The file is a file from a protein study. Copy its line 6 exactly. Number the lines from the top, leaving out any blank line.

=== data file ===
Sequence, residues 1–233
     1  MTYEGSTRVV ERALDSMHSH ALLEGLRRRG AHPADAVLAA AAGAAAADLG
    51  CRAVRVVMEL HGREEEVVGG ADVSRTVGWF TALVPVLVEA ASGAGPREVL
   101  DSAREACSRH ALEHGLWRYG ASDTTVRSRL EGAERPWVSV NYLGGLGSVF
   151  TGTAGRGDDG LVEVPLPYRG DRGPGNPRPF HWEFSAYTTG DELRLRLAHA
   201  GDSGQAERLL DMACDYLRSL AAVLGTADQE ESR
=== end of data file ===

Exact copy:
   201  GDSGQAERLL DMACDYLRSL AAVLGTADQE ESR